Each week, I receive tons of questions from my listeners about tech concerns, new products, and all things digital.
Sometimes, choosing the most interesting questions to highlight is the best part of my job.
This week, I received questions about hidden phone trackers, ending robocalls, checking strange links, and more.
Do you have a question you’d like to ask me?
Find hidden phone trackers
Q: My ex is a total geek who is completely obsessed with me. I think he put a tracker or something on my phone. How can I tell for sure?
A: The street term for this is “stalkerware,” and it’s more common than ever partly because the technology is so easy to obtain. Software is installed on your phone that tracks and reports back every single thing you do on your phone and where you go.
A simple way to check whether this software has infiltrated your device is through data usage: this kind of program requires data to report back to whoever is behind it continuously. If your data usage has mysteriously skyrocketed, you may be onto something. Tap or click here for more ways to see if stalkerware is on your phone.
Q: I am so tired of robocalls. Is there anything I can do to make them stop? They are driving me crazy!
A: Many robocalls originate overseas. Robocalls may come from legitimate organizations, but they’re frequently scams or phishing schemes. Whatever you do, don’t interact with a robocall, because they often have special software that will record your voice and use it for identity theft.
Your best tactic is just to block the number if you can. This is a good technique to learn because it’s easy and can prove useful in many different situations, including friends and exes you want to keep at arm’s length. In the past, people have changed their number to avoid unwanted calls, but this is becoming a rare last resort. Tap or click here for the best ways to block unwanted calls.
Smart TV hacking risks
Q: I don’t want Netflix. Are there any other reasons to connect my new smart TV to the internet? What about hacking risks?
A: This question was posted on my new Komando Community, a safe place to ask any tech question and get expert help. Tap or click here to join now.
To answer your question, like your phone and tablet, smart TVs let you add apps that give you access to video streaming services such as Netflix. You can also use your smart TV to get regular weather reports, stream live shows like mine, and even browse the web.
That said, smart TVs are vulnerable to hacking, identity theft, and the selling of your data to Big Tech. If you are going to connect your TV to the internet, make sure your router is up to date, password-protected, and you run regular scans for malware and viruses. Tap or click here to read more about smart TVs spying on you.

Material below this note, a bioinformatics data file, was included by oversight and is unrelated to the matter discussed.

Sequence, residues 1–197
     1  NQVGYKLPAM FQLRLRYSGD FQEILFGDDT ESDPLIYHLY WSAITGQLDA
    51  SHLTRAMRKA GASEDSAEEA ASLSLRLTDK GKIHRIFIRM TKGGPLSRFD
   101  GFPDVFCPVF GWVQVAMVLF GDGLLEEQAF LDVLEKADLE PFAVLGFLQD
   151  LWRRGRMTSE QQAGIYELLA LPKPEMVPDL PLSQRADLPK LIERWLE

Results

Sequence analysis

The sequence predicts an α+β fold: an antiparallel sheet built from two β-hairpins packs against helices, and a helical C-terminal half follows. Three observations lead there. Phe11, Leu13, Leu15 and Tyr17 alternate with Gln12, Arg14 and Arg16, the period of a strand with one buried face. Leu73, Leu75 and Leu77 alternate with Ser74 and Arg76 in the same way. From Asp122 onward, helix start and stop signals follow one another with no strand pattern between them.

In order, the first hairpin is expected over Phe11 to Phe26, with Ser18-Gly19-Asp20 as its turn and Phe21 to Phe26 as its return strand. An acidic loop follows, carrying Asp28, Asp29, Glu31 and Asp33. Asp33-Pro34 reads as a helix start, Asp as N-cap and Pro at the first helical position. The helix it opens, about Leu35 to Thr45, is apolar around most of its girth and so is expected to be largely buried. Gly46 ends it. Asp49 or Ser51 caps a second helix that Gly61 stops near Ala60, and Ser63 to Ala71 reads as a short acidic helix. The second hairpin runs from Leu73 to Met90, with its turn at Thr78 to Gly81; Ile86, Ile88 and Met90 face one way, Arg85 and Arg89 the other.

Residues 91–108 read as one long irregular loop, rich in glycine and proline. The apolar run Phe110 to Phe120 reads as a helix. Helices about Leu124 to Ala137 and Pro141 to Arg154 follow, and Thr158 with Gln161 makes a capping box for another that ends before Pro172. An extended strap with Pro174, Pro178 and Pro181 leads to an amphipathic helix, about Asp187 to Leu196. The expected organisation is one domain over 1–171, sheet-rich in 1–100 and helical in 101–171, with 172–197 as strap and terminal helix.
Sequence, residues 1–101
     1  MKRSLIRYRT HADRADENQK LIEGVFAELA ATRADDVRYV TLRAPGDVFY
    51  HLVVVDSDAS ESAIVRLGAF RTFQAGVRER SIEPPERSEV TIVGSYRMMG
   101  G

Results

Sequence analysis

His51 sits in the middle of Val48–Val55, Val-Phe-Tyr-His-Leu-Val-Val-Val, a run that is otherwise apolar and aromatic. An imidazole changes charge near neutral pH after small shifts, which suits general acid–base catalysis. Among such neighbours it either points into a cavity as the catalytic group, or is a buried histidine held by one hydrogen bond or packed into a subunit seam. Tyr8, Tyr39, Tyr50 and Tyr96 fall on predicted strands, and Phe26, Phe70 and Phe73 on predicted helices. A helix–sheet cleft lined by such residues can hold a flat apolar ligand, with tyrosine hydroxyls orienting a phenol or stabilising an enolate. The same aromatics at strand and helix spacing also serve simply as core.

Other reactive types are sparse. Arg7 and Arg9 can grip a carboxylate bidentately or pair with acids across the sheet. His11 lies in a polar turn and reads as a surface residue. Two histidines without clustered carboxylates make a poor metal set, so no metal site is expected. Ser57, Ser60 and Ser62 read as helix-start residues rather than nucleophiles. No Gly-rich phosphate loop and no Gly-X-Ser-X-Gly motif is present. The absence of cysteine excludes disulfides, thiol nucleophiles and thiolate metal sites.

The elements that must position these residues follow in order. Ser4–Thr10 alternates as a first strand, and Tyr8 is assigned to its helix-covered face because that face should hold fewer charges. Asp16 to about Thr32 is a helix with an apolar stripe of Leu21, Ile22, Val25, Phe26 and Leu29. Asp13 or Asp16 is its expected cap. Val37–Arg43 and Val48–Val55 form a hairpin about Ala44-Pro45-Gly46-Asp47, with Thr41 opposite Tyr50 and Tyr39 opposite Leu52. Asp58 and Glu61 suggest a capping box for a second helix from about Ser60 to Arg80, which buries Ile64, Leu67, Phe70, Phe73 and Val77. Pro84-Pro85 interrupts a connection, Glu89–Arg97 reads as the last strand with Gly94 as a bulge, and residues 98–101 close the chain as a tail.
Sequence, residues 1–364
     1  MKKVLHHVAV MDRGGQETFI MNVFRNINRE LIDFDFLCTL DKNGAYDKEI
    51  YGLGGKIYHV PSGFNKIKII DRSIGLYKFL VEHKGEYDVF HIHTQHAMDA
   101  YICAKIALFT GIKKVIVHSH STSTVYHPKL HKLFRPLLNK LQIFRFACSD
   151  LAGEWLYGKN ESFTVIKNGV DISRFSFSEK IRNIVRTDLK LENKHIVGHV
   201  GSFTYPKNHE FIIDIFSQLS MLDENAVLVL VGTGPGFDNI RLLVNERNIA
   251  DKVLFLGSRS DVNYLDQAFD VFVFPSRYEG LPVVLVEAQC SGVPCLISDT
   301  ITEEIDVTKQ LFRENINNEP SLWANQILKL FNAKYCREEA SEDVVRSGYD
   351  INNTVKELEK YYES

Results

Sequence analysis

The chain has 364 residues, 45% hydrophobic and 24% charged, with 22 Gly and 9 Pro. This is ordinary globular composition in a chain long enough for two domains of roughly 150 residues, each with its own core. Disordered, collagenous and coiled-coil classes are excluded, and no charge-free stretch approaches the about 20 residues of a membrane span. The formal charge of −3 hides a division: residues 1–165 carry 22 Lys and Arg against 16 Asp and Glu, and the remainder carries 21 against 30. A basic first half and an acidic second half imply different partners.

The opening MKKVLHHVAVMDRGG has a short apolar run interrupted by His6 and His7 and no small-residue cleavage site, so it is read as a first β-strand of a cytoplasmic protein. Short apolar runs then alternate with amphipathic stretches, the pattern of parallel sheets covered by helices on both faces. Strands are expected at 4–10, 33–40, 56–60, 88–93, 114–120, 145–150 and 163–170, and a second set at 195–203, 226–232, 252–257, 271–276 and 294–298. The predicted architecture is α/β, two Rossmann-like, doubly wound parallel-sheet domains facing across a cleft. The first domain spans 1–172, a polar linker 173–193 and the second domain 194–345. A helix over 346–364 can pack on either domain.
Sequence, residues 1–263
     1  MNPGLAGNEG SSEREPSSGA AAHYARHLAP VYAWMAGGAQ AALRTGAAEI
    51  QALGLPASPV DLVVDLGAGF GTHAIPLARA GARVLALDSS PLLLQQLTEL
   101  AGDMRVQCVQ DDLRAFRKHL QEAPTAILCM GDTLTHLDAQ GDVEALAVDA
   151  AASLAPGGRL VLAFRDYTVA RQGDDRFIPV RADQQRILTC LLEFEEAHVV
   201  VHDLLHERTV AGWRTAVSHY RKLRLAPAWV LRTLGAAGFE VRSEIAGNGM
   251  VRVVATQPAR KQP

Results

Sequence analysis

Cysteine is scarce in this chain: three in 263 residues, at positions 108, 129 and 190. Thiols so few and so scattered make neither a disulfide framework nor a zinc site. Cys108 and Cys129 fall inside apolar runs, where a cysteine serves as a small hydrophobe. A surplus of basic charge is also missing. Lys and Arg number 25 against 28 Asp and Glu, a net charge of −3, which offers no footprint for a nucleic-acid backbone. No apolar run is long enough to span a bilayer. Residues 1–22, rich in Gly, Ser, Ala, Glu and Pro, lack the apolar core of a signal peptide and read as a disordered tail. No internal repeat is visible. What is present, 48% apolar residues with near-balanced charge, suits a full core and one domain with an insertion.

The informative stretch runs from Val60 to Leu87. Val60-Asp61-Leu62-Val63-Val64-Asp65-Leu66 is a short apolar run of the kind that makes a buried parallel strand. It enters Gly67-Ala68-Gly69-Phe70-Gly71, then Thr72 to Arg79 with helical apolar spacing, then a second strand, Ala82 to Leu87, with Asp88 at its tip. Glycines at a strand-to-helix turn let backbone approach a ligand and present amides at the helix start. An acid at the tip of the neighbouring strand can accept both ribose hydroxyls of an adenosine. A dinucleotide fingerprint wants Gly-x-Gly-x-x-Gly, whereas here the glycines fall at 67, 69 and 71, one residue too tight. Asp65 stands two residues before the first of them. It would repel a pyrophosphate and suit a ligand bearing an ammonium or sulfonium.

Delete dubious searches
Q: I searched for things on Google that I shouldn’t have using our family computer. How can I erase those searches for good? I don’t want my kids to see that.
A: There are many reasons you might want to keep your searches private, especially just before birthdays or gift-giving holidays. You might also be sick of certain targeted advertising, which is primarily based on your search history and the cookies it attracts.
Presuming you used Google, there are several ways to hide your searches, starting with deletion. Deleting your whole history might raise suspicion since familiar websites will suddenly not be recognized. Luckily, Google now enables you to eliminate specific searches, so you don’t have to remove everything. Tap or click here for seven things you didn’t know Google searches could do until now.
Q: Is there a way to see if a link is legitimate before you click it? I’d hate to get malware from just clicking the wrong thing!
A: Curiosity often gets the best of us, but remember: if you’re not 100 percent sure where a link leads, DO NOT CLICK. I can’t stress this enough. Entire companies have been frozen or held hostage by malware all because one worker got careless with a credible-looking hyper-link. It’s one thing to put your computer at risk, but crippling a network could lead to lost money, lawsuits, and even tangible danger.
Several websites can check those links for you; all you have to do is copy and paste the URL (be careful doing this), and you can find out whether it’s been cited before. There’s no excuse for clumsiness, especially now that the stakes are so high, and awareness so widespread. Tap or click here for four ways to check if a link is safe before you click it.
What digital lifestyle questions do you have? Call Kim’s national radio show and tap or click here to find it on your local radio station. You can listen to or watch the Kim Komando Show on your phone, tablet, television or computer. Or, tap or click here for Kim’s free podcasts.